According to George Pachymeres, she supported the military coup d'état of her uncle, Michael VIII Palaiologos, and the she prompted him to blind the legitimate Emperor Jean IV Laskaris. When Jean's sister, the Bulgarian tsarina Irene died 1268, her widower, Connstantin, he married Michael's niece Maria. Quarrels over the surrender of her promised dowry, the Black Sea ports of Mesembria and Anchialos, made her side with her husband against her uncle, and the Bulgarian government entered into an alliance with King Carlos I of Sicily who was planning a campaign against Michael VIII, who struck back, by marrying his illegitimate daughter Euphrosyne Palailogina to Nogai Khan of the Golden Horde, who pillaged Bulgaria in 1274. In the last years of his reign, her husband was partly paralyzed from a fall off his horse, and the government was firmly in her hands. She crowned their son Michael Asen II co-emperor soon after his birth, in about 1272. Her husband was killed during an uprising in 1277 lead by a swineherd named Ivaylo, who was able to extend his authority across much of the country, but the capital Tarnovo remained under the control of her and her son, the new tsar Michael Asen II. Her uncle then married his eldest daughter Eirene to Ivan Asen III, a descendant of Bulgaria's ruling dynasty living at the Byzantine court, and dispatched troops to place him on the throne. This caused her to marry Ivaylo, who became co-tsar in 1278 with her son, and he led a successful defense of the Balkan passes against the Byzantine campaigns and met with success against casual Mongol raids, but in 1279 a major Mongol army blockaded him in the fortress of Dorostolon on the Danube for three months. A rumor of his death caused panic in Tarnovo, where the nobility surrendered to a new Byzantine army and accepted Ivan Asen III as emperor. She was sent into exile together with her son to Byzantine, where she gave birth to a daughter, whose name is unknown. She was the second daughter of Ioannes Komnenos Angelos Kantakouzenos and Eirene Komnene Palaiologina.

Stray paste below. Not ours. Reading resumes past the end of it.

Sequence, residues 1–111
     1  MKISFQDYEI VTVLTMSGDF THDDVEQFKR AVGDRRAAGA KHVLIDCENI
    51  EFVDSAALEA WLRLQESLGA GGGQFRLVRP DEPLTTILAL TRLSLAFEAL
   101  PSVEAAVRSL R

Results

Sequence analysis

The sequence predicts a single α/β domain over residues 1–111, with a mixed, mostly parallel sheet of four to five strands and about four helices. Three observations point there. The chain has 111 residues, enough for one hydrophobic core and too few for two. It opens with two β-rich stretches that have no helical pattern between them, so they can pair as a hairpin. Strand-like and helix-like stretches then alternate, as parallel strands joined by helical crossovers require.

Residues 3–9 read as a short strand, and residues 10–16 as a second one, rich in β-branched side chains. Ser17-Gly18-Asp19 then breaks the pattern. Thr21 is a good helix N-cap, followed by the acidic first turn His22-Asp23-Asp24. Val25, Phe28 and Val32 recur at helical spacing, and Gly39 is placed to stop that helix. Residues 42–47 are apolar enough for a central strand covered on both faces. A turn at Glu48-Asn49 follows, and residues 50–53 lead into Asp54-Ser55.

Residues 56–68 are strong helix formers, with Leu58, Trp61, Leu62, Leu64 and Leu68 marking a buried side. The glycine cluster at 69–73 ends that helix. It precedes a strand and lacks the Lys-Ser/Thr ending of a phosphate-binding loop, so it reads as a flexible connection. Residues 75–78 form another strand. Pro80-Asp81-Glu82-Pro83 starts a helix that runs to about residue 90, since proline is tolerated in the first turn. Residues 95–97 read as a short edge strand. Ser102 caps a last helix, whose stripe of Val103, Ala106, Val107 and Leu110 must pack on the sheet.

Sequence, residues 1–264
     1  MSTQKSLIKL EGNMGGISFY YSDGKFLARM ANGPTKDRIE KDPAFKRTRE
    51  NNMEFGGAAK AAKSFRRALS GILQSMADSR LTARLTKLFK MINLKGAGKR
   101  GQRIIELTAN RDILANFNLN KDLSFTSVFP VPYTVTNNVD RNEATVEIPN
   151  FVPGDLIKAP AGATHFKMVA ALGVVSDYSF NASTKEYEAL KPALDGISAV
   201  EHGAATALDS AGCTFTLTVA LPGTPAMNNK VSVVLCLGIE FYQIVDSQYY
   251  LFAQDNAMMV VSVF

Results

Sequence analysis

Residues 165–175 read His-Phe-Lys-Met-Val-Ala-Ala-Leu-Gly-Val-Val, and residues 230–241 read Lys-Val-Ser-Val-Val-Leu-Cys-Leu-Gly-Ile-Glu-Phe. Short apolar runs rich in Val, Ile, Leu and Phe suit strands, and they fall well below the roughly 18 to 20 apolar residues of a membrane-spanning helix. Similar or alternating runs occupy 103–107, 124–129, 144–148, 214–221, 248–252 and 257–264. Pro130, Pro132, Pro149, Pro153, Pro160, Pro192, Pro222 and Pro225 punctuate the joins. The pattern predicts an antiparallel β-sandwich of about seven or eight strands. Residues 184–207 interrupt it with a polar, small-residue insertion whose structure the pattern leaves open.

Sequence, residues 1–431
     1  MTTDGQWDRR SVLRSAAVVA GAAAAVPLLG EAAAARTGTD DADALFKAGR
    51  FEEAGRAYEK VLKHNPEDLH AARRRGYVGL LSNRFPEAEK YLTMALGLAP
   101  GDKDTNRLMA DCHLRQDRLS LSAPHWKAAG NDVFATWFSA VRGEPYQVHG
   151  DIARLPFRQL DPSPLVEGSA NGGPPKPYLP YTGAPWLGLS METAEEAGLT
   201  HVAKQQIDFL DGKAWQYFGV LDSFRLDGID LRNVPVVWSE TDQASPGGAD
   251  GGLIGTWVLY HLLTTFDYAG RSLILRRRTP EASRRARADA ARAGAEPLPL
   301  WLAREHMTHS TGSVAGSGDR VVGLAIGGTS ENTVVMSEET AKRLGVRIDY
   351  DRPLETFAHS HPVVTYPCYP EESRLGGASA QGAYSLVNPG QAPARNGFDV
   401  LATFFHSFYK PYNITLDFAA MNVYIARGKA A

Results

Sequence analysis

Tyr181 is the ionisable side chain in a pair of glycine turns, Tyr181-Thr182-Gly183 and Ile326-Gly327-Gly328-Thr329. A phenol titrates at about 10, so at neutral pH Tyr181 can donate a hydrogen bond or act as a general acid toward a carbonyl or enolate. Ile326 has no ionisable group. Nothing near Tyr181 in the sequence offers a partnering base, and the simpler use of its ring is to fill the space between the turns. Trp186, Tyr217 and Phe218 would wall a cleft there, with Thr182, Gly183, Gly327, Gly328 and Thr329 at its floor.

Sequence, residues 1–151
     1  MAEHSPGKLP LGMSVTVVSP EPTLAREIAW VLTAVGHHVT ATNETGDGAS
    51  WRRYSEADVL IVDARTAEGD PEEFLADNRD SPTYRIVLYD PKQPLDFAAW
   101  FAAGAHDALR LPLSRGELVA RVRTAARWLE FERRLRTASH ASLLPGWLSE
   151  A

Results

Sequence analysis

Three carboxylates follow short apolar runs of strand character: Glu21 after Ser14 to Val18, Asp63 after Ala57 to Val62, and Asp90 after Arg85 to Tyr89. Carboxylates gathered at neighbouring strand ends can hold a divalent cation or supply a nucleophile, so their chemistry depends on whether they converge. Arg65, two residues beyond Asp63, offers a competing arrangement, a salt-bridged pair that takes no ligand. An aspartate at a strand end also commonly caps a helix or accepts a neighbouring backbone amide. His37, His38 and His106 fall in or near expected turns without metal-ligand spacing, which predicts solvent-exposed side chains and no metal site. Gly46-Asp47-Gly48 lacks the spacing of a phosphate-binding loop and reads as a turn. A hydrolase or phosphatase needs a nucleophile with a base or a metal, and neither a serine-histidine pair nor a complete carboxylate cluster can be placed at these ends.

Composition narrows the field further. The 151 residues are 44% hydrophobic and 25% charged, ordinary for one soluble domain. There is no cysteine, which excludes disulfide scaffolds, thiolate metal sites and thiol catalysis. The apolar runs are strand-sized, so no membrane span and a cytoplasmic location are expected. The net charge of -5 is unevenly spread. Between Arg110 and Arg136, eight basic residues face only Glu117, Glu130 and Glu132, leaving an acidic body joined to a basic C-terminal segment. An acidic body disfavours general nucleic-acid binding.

1272-?  Reigning Abbess Wilburgis von Leuchtenberg of Obermünster in Regensburg (Germany)

Member of the family of Landgraves of Leuchtenberg within Bavaria. It is not known how long she was in office but Ryssa I von Leuhtenberg reigned from 1286.


 

1273-99 Sovereign Countess Marguerite d'Anjou-Sicilie of Anjou, Maine and Perche (France)

Married to the French military leader, Charles de Valois the third son of king Philippe III. He was a military leader and dominated the reign in France of his nephew Louis X. When Pedro III of Aragón was excommunicated in 1284, Pope Martin IV made him king of Aragón and Sicily but he was defeated and in 1290 renounced his claim. In return he received Anjou and Maine as part of her dowry. During his second marriage to Catherine de Courtenay, Titular Empress of Constantinople, he unsuccessfully sought to obtain the crowns of the Byzantine and Holy Roman empires. His third wife was Mahaut de Châtillon-sur-Marne, Countess of St. Pol. (from 1344) Marguerite was daughter of Charles II of Sicily, Napoli and Jerusalem and Maria of Hungary, and among her 6 children was Philippe VI, who succeeded to the French throne in 1328. She lived (1273-99).


 

1273-80 Sovereign Countess Yolande de Bourgogne of Nevers (France)